It gets weirder with the PRR Crown trucks.  If you are looking at p. 608 of the 1919 Cyc, you'll see two line drawings and one image/photo, all three seemingly for the 70-ton version.  The line drawings both show the 5-10 WB.  But the head scratcher for me is that there are three different spring packages:  6-spring, 5-spring, and what looks like 4-spring in the photo, but I suppose could be a 5-spring without any of the central spring visible.  The photo of a 2E-F2 that I shared yesterday has the obvious 5-spring package.

One of the "joys" of the CBC is their propensity for showing things that manufacturers wanted to sell to prospective customers, without an real clues as to whether they actually did.

Dave Parker
Swall Meadows, CA


Re: 100-ton Andrews trucks in HO

Dennis Storzek
 

Can't stop beating this horse while it's still twitching :-)

I was curious what my source material for our Andrews truck was, and since the Hathi Trust now has the 1919 CBC on
line, I found the drawing:

https://babel.hathitrust.org/cgi/pt?id=mdp.39015006057858&view=1up&seq=1024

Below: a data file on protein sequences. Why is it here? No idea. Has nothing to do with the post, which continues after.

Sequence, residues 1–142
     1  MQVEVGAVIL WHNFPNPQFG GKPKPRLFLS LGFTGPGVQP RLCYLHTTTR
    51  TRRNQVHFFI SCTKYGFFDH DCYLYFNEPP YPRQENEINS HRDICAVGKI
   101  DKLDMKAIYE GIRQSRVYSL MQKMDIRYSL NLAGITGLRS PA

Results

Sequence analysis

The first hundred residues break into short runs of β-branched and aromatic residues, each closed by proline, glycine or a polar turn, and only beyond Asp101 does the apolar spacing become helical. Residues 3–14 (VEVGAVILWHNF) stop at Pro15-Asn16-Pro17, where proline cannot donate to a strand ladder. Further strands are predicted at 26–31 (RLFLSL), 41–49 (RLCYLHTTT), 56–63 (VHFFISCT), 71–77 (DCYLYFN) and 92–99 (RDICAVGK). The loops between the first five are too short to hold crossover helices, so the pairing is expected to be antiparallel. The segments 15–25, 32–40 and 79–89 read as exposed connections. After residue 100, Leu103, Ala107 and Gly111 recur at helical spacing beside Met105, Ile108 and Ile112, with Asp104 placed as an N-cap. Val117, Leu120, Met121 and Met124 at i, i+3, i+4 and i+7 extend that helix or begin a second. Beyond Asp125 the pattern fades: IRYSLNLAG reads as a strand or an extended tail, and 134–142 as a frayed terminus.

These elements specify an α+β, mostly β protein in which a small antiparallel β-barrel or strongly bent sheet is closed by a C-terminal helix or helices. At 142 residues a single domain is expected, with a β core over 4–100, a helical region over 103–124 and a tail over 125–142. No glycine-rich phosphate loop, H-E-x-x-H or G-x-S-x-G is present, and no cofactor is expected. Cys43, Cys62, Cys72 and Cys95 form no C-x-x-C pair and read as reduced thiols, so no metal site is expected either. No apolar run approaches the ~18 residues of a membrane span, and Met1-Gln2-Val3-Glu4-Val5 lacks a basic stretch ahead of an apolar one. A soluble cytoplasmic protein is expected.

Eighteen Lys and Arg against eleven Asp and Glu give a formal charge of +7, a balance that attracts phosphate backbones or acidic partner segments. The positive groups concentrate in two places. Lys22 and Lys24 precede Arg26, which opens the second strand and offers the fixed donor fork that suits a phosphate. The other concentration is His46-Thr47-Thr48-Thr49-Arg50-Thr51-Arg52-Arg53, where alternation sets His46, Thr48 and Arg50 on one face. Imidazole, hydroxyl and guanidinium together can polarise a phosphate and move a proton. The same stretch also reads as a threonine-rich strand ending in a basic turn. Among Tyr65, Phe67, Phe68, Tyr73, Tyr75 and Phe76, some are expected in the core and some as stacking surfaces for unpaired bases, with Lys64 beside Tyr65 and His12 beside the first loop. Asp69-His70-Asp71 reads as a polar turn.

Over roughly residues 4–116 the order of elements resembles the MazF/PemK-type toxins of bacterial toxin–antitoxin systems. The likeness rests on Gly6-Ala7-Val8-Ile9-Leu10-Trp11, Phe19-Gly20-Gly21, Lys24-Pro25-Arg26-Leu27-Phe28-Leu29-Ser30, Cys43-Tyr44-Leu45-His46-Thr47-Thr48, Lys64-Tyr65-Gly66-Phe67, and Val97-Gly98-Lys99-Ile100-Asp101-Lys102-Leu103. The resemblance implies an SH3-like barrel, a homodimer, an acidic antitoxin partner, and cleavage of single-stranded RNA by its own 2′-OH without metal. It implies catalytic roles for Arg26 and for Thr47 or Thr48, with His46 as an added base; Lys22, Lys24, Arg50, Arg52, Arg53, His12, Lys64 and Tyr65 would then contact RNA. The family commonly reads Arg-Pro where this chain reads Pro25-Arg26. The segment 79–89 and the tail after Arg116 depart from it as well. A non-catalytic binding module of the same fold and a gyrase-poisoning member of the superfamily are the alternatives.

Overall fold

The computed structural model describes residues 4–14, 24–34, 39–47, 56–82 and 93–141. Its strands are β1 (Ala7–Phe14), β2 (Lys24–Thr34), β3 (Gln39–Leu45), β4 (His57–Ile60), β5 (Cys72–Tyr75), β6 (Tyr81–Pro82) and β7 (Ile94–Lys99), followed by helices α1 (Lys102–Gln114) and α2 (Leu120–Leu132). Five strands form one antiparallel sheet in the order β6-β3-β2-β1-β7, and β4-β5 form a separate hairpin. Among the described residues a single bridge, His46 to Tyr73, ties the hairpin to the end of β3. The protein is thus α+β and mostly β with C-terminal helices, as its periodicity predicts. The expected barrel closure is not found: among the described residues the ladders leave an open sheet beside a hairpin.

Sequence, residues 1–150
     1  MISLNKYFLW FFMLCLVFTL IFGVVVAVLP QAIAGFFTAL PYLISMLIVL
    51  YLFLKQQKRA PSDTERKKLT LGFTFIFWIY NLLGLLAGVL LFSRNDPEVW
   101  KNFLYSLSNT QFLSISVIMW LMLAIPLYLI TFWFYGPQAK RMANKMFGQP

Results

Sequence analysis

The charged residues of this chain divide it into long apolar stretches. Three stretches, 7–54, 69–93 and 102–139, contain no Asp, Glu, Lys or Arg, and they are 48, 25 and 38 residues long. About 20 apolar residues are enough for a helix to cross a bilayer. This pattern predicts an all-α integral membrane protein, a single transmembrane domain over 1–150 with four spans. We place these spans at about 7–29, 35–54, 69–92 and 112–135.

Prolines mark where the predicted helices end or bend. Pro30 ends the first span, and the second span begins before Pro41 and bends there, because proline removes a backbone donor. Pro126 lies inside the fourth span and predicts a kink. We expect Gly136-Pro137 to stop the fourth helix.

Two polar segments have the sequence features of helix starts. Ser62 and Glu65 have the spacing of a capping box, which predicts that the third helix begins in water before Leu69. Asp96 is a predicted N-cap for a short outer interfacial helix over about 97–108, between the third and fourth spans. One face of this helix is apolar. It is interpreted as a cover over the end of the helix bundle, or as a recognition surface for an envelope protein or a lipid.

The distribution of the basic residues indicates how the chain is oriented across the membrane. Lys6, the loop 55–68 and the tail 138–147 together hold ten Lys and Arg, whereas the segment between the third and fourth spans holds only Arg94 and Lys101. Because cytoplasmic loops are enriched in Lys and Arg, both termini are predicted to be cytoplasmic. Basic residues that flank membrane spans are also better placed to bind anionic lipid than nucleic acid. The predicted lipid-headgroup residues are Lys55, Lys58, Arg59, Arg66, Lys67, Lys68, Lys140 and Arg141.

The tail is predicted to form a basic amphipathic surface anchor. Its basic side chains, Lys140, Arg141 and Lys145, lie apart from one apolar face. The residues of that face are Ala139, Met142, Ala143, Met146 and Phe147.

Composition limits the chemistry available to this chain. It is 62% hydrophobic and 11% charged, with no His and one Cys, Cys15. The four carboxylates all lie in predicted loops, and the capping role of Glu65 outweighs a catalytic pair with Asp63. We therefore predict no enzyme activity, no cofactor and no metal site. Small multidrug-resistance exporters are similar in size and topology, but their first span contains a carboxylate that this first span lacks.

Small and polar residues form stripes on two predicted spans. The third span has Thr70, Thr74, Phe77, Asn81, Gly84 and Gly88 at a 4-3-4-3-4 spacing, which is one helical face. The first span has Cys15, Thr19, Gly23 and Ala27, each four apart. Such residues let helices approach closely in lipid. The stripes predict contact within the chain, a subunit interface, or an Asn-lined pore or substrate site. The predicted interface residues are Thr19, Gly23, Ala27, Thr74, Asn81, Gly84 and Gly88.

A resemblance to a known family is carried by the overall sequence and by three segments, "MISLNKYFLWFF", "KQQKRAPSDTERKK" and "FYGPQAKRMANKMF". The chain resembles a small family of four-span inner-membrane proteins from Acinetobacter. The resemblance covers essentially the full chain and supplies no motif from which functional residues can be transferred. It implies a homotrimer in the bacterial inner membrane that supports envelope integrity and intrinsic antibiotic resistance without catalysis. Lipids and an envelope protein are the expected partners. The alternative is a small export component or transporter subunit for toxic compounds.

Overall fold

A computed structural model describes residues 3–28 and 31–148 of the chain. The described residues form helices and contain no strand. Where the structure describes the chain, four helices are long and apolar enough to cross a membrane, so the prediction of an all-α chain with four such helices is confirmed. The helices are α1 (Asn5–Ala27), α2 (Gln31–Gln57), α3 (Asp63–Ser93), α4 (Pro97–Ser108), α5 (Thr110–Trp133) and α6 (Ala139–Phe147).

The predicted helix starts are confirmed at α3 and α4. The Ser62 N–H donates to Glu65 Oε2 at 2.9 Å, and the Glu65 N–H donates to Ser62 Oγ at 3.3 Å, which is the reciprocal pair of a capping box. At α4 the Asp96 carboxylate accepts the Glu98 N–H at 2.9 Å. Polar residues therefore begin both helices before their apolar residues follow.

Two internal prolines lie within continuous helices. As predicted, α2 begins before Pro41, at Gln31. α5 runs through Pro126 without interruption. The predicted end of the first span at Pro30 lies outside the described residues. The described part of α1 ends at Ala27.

Since everyone wants to compare this to the models of PRR Crown trucks, I then went looking for drawings of them in my 1922 CBC (it loads a lot faster). I was then going to do a side-by-side comparison when I noticed something strange; according to the drawings, the Crown trucks have a 2" longer wheelbase, 5'-10" as opposed to 5'-8". Is this the way they were actually built? If so, of course they look more "masculine". Is this correct, or an error in the drawings presented in the CBC?

Dennis Storzek


Re: NP 10000 Series Boxcars by Rapido

WILLIAM PARDIE
 


The discussion last week on the Northern Pacific 10000 series box cars inspired to go to my pipeline and look at my half finished Sunshone kit.  I forget just why it fell on my priorityg list but I expect that it had something to do with a photo.  I had a really inspiring 3/4 view photo of the brake end.  It had gone missing. This photo very clearly showed the Miner hand brake and coupler release mechanism.  I had obtained a photo from someone on the list showing the opposite side of the end. Any help would be appreciated.

I would also appreciate a diagram of the brake appliances.

Thanks in advance for any help: